26. 4 out of 5

    Shaymaa

    I'm still wandering if reading a book like this at this particular time was a good or bad coincidence; but I gotta say that this book captivates you in a way that you'll want to continually read it till the end. The book gives you an idea about how human rights were violated in Iraq under the rule of Saddam Hussein. It mainly tells you the story of cell 52 in Baladiyat prison where Mayada, a well known respected family member, shared other women imprisonment and torture. The book also illustrates I'm still wandering if reading a book like this at this particular time was a good or bad coincidence; but I gotta say that this book captivates you in a way that you'll want to continually read it till the end. The book gives you an idea about how human rights were violated in Iraq under the rule of Saddam Hussein. It mainly tells you the story of cell 52 in Baladiyat prison where Mayada, a well known respected family member, shared other women imprisonment and torture. The book also illustrates Iraq's history and timeline. Well, to me it's a good read and I gotta say that this book captivates you in a way that you'll want to continually read till the very end. But I must say that sometimes I just felt that Sasson exaggerated a little bit. Also, I think that one should read other books and gather more information in order to get a complete picture about Iraq. I definitely think that I can understand "Imperial life in emerald city" better now after reading Mayada.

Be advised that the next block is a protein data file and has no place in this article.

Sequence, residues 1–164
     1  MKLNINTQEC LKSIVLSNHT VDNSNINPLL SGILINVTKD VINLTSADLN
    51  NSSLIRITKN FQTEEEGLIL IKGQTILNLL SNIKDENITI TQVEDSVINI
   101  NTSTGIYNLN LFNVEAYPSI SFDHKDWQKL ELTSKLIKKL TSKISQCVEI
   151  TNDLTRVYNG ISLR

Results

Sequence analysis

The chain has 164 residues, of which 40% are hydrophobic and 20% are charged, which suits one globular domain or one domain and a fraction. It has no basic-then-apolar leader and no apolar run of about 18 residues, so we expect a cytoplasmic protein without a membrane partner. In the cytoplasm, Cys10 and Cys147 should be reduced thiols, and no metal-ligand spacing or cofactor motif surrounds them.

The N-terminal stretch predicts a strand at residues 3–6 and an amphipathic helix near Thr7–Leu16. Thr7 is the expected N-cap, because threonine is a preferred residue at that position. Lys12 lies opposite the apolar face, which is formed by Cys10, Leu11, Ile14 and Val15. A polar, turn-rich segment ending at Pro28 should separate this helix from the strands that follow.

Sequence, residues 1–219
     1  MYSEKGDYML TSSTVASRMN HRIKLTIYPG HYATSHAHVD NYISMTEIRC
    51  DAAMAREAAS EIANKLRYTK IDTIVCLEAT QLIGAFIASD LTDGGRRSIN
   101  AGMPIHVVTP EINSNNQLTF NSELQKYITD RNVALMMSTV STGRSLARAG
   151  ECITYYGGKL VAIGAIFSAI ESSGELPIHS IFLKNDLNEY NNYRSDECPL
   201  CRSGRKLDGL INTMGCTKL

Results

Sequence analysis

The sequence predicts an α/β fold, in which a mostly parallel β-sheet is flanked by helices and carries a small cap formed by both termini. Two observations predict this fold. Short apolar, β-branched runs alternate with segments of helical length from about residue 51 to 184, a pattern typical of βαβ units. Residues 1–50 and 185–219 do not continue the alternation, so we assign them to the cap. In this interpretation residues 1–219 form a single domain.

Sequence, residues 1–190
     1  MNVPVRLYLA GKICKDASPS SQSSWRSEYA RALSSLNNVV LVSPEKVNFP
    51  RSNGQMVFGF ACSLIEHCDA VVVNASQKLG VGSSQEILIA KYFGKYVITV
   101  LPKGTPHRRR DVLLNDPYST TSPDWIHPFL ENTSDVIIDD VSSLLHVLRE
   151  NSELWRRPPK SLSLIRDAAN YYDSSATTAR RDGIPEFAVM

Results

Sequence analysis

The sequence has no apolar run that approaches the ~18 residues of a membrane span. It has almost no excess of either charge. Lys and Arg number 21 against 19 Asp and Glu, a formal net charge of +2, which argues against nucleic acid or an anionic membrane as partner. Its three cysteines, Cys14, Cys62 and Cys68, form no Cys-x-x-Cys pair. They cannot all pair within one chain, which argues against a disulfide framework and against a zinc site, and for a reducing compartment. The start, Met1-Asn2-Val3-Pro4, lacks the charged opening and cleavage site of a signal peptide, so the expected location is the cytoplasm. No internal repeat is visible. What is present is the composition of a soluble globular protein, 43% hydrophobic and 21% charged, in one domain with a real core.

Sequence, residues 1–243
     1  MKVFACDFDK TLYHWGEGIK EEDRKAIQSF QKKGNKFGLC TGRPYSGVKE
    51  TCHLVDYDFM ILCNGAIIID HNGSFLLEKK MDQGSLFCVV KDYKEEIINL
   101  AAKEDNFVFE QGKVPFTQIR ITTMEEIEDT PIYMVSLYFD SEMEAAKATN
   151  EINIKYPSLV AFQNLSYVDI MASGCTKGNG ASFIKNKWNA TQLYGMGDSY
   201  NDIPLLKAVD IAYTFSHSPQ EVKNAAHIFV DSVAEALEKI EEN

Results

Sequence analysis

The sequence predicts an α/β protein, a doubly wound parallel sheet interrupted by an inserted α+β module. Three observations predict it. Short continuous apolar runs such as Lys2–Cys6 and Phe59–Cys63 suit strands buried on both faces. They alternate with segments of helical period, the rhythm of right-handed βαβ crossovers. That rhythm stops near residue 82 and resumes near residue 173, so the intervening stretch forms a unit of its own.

27. 5 out of 5

    Dianne Kaucharik